Just a month after the Ministry of Health declared the country free of the deadly Ebola virus, two deaths from the disease have been confirmed just about 30 kilometres away from the capital. This is bound to cause panic among the public and consternation in medical circles. And it is because the latest cases indicate that the health officials were probably too much in a hurry to wish away this grave threat that lurks in our country.
Even as we commend the Luweero District health office for professionally handling the latest case by promptly sending over blood samples for testing at the Central Public Health Laboratory and the Uganda Research Institute Laboratory, both in Kampala, we feel a lot more could have been done. The results took several days to verify and release, with initial suspicion that it was probably a Marburg attack.
The question that now arises is whether all the people, including the health workers that came into contact with the two victims, are being monitored and if they show any signs of the disease immediately quarantined. We are pleased to note that health response teams from the Ministry of Health, the WHO and other organisations are already on the ground in Luweero taking the necessary steps to contain the situation. And this, in a way, is precisely what the problem is.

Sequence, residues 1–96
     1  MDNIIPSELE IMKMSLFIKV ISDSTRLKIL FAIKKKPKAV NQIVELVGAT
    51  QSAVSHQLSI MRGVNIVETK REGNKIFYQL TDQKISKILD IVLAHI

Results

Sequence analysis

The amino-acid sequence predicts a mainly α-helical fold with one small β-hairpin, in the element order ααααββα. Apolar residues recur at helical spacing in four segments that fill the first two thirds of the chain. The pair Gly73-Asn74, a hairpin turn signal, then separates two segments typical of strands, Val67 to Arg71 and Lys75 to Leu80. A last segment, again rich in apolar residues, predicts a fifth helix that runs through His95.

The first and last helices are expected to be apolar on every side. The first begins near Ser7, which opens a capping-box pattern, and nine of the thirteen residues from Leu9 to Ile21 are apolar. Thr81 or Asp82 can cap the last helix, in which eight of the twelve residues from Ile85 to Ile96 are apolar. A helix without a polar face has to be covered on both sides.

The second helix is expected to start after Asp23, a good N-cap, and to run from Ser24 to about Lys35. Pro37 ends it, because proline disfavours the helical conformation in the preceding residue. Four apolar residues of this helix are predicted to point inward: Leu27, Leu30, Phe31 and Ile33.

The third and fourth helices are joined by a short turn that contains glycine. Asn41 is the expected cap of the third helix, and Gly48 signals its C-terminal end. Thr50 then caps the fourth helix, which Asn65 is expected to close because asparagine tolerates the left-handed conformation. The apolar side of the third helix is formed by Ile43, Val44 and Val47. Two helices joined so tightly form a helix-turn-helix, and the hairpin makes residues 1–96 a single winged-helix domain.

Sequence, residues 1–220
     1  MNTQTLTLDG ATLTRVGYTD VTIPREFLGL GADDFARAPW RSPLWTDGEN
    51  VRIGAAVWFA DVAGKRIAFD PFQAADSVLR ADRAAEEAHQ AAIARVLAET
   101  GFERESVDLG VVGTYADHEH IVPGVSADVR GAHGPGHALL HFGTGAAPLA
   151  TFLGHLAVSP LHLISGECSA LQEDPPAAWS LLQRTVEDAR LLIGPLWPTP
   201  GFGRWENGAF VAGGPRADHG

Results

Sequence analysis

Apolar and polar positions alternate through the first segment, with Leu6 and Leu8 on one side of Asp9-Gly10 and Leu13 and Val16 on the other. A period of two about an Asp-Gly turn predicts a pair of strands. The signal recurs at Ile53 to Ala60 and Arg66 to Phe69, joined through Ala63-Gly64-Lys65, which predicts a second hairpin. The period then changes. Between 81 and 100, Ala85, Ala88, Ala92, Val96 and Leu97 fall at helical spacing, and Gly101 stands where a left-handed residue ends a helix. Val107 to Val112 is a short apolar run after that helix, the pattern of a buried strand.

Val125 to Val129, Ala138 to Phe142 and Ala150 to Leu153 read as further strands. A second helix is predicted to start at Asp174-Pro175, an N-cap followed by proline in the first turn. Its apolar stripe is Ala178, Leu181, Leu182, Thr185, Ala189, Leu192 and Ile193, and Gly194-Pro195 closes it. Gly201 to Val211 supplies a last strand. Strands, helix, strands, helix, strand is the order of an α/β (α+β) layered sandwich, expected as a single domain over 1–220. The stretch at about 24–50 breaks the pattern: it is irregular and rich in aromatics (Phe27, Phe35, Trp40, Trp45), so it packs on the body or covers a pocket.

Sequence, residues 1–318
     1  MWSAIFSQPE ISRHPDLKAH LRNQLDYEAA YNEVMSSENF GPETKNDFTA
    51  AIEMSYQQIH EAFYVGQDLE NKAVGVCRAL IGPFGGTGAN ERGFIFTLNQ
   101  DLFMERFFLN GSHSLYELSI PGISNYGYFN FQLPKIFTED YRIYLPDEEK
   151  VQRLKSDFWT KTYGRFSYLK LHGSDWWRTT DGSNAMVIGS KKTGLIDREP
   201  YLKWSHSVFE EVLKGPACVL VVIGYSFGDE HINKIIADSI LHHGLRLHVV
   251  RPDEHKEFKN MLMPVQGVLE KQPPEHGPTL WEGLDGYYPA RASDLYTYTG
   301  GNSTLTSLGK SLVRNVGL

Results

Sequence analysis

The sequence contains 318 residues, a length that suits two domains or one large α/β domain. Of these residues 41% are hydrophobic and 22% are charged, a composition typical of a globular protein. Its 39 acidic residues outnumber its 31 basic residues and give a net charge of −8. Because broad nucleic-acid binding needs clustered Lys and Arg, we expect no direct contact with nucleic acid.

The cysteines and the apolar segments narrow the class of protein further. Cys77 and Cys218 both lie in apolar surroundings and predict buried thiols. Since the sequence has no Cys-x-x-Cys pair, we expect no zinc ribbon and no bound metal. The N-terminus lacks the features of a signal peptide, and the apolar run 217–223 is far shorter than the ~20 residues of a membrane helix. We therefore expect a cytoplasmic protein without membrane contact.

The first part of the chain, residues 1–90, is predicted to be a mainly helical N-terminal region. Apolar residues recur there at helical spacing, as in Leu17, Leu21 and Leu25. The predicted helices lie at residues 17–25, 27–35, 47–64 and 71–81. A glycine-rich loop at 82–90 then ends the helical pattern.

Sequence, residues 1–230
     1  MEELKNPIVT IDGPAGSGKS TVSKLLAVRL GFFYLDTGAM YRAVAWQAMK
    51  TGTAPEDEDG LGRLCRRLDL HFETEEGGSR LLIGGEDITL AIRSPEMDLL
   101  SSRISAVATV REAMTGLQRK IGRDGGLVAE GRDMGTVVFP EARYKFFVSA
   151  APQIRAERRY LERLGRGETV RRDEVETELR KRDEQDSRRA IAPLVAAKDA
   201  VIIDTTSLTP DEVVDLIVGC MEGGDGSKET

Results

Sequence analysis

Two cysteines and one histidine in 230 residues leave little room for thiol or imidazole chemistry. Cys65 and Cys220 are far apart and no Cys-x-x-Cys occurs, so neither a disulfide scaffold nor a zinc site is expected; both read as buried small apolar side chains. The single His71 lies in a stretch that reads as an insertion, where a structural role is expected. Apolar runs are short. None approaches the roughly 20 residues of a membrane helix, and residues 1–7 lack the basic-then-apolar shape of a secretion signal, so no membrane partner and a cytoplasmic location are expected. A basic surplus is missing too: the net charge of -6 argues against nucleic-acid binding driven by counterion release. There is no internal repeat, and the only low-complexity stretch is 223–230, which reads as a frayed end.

There has been a tendency to mobilise such health teams only after deaths are reported following such outbreaks. Since all are aware that the country has been prone to such epidemics and the most susceptible regions are well-known, what is required is to build the capacity of these regions to step up surveillance and deal with such threats immediately. The establishment of a well-equipped and facilitated national rapid response unit with equally strong regional branches is a must. We are dealing with grave dangers that cannot afford us a window of more than a day for the transportation and testing of samples in the capital and sending them back.
This latest Ebola outbreak, coming only several months after 11 people died in another epidemic, calls for an all-time alert and an enhanced capacity to prevent deaths.